The OCS/Mesonet Ticker
Let's talk about the weather.

... sign up for the Ticker!
... about the Ticker
. . . Day by Day . . . . . . July 28 in Mesonet History* . . .
Find a particular day's Ticker.

If you're a bit off, don't worry, because just like horseshoes, "almost" counts on the Ticker home page!

Record Maximum 109 F GRA2 2008
Record Minimum 47 F MANG 2005
Record Rainfall 3.50" ALV2 2002

* Mesonet History = since 1994

. . . Search the Ticker Archives . . .

Search:
All Words Any Words Whole Phrase Recent First Oldest First
. . . Tell Others About This Ticker . . .

Share on FacebookShare     Share on TwitterTweet

. . . The Most Recent Ticker . . .

MESONET TICKER ... MESONET TICKER ... MESONET TICKER ... MESONET TICKER ...
July 25, 2014      July 25, 2014      July 25, 2014      July 25, 2014       


Dr. Ken Crawford, Father of the Oklahoma Mesonet (1943-2014)

http://ticker.mesonet.org/archive/20140725/Dr.Ken.Crawford.jpg 

Some 20+ years ago, I took a Hydrometeorology course from Dr. Crawford, the new
Director of the Oklahoma Climatological Survey, OU Dept. of Meteorology professor
and State Climatologist. Sixteen years ago, I marched into his office unannounced
and said "I want to work for the Climate Survey." Fifteen years ago, after near
weekly visits (I learned to get an appointment after that first one) to his 
office, he actually hired me. There are many things I admired about Dr. Crawford,
whom I would later get enough courage to call "Ken" as one colleague to another.
The first and foremost of which is that he would hire an Panhandle-bred Okie 
from amongst some of the best and brightest students the world has to offer to 
the atmospheric sciences. I'd like to think it was my persistence, but I suspect
it was because I would talk Big 12 football with him (Ken was a lifelong and
notorious Texas Longhorn fan, notorious in that there are few Texas Longhorn fans
employed by OU). Here he is in his Texas regalia during one of the many "Red 
River Battles" he endured within his own office in early October each year. 

http://ticker.mesonet.org/archive/20140725/DSC00696.JPG

But without a doubt, his greatest professional achievement was the creation and
implementation of the Oklahoma Mesonet. Many of you probably don't know the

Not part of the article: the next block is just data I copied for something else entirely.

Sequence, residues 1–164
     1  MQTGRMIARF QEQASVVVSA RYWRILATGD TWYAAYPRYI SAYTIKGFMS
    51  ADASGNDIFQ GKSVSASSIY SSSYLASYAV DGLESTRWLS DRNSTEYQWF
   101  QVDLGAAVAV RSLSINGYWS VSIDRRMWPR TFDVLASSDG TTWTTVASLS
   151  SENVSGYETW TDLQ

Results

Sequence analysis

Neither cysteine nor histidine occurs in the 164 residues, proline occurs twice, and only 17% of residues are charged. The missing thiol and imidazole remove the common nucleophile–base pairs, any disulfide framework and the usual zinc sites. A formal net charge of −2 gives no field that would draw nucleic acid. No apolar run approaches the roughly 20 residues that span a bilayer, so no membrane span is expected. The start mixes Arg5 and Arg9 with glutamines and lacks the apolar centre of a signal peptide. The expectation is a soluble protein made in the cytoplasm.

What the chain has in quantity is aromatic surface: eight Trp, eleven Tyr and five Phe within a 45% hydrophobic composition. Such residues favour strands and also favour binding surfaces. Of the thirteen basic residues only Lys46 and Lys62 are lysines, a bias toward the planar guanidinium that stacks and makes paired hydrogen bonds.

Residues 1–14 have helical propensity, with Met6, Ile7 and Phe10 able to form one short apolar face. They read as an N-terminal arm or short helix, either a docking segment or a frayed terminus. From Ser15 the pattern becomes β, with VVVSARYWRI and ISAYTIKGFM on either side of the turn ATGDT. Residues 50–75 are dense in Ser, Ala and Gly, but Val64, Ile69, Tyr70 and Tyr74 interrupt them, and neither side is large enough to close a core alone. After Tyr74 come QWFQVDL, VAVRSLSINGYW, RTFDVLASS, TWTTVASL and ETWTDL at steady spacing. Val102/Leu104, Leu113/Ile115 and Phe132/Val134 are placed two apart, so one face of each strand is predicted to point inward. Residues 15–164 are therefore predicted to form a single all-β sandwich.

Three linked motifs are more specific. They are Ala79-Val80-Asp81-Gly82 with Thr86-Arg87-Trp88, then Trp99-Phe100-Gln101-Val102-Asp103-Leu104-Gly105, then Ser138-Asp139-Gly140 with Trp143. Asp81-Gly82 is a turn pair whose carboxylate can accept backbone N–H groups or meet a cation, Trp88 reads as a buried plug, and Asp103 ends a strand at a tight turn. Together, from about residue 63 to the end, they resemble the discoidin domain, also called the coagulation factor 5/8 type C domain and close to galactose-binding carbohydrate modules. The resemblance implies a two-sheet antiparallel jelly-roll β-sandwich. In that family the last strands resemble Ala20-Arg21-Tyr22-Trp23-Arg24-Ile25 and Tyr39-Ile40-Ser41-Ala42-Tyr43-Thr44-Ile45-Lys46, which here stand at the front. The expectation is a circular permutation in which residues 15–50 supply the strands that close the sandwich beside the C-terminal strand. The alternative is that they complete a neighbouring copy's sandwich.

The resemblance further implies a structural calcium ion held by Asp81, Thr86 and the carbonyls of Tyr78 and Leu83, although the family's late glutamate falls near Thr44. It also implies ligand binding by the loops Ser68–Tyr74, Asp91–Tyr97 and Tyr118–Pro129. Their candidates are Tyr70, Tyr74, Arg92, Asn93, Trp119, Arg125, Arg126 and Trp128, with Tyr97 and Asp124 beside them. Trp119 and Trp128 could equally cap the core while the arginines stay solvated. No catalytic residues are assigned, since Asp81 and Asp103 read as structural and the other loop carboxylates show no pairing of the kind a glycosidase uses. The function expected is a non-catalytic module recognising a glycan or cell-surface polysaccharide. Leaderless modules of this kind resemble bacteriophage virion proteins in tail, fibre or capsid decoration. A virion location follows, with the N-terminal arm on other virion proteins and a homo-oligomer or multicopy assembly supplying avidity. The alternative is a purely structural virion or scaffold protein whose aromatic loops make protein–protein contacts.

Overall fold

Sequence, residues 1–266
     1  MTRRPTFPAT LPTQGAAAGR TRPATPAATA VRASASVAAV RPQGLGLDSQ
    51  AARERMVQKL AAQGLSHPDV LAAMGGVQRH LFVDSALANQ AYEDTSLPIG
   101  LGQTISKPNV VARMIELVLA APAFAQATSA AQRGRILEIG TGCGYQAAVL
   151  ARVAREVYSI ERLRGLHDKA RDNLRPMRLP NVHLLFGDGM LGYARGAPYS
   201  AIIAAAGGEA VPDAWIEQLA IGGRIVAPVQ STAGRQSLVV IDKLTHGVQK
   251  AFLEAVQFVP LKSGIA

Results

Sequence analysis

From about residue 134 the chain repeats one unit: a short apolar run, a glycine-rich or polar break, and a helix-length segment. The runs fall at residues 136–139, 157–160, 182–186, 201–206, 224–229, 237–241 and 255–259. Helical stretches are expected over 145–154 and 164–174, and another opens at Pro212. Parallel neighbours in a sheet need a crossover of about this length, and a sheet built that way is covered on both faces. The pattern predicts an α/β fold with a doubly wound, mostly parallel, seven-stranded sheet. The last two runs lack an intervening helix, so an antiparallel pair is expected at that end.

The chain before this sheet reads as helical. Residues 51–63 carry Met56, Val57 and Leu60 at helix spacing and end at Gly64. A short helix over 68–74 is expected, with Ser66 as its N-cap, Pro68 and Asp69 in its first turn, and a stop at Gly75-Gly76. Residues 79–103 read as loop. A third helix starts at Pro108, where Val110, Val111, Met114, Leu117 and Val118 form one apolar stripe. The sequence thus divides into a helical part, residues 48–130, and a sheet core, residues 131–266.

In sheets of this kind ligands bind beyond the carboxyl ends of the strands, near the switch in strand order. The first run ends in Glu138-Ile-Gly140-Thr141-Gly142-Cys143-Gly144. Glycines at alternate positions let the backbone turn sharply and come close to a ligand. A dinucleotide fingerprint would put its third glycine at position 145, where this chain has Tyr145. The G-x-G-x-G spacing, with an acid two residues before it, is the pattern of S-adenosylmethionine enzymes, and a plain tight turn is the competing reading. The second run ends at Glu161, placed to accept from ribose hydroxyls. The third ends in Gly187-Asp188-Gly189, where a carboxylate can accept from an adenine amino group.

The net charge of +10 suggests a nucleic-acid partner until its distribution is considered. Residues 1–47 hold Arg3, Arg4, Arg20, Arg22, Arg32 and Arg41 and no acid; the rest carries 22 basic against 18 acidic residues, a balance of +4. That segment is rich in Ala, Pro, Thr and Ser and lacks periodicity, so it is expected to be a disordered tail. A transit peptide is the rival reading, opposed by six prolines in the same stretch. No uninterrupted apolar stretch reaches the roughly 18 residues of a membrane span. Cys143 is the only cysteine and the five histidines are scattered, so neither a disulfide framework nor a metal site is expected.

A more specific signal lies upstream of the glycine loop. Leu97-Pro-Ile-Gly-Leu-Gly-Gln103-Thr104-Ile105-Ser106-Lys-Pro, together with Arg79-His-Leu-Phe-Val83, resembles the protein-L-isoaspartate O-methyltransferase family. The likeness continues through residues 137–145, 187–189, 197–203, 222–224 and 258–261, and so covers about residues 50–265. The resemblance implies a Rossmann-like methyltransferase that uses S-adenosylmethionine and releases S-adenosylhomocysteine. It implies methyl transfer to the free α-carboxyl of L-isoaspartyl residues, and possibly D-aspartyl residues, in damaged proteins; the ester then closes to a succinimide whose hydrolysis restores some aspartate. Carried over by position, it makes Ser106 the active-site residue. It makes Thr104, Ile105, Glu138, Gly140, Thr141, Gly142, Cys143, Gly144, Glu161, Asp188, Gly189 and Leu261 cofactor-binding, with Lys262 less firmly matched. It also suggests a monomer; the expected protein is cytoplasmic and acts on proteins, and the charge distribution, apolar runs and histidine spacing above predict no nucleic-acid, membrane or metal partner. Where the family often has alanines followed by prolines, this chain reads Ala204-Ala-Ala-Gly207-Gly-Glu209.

back-story of how the Mesonet came to be, or that it was actually a spark of an 
idea from within Ken's brain after the deadly Tulsa Memorial Day flood of 
1984. You can read a bit more about that in this Tulsa World story marking the 
20th Anniversary of the Oklahoma Mesonet.

http://tinyurl.com/tulsa-flood-sparks-OKMesonet

So when you see a Mesonet map, or one of your Emergency Managers sounds an 
alert based off Mesonet data and the training the Mesonet provides, or  if
one of your children learns about the weather from one of the many Mesonet
trained Oklahoma science teachers, remember ... it all started as a spark within
one man's intellect 30 years ago in the midst of a tragedy. A Texas transplant 
that became the architect of arguably the most recognized and renowned 
meteorological observing network of its kind in the world. 

A great man, scientist, colleague, mentor and teacher, and an honorary "Texas 
Okie," Dr. Ken Crawford. 

Gary McManus
State Climatologist
Oklahoma Mesonet
Oklahoma Climatological Survey
(405) 325-2253
gmcmanus@mesonet.org

-------------------------------------------------------------------------------

"Dr. Ken Crawford was the Director at the Oklahoma Climatological Survey from 
1989 through 2009. While at OCS, he also served as the State Climatologist and
Regents? Professor of Meteorology. Ken considered his most important 
accomplishment of his 20 years at OCS to be the development and implementation 
of the Oklahoma Mesonet, a joint program with Oklahoma State University. Ken 
was also an outstanding mentor for young scientists. He led the M.S. thesis
and Ph. D. dissertation research of 37 students? more than any other 
meteorology faculty at OU. Through Ken?s research efforts, he was awarded over 
$40 Million in grants during his professional career.  

Before coming to OU, Ken had a 30-year career with the National Weather 
Service, culminating with his role as Meteorologist in Charge for Oklahoma 
between 1982 and 1989.  After retiring from OU, Ken went on to be the Vice 
Administrator for the Korea Meteorological Administration (KMA). In his 3 years
with the KMA, he improved training and tools for KMA forecasters and upgraded
Korea to the world?s most advanced weather radar network.

Ken touched the lives of countless staff and students, as well as K-12 
teachers, emergency managers, and growers and producers across Oklahoma.  He 
will be greatly missed."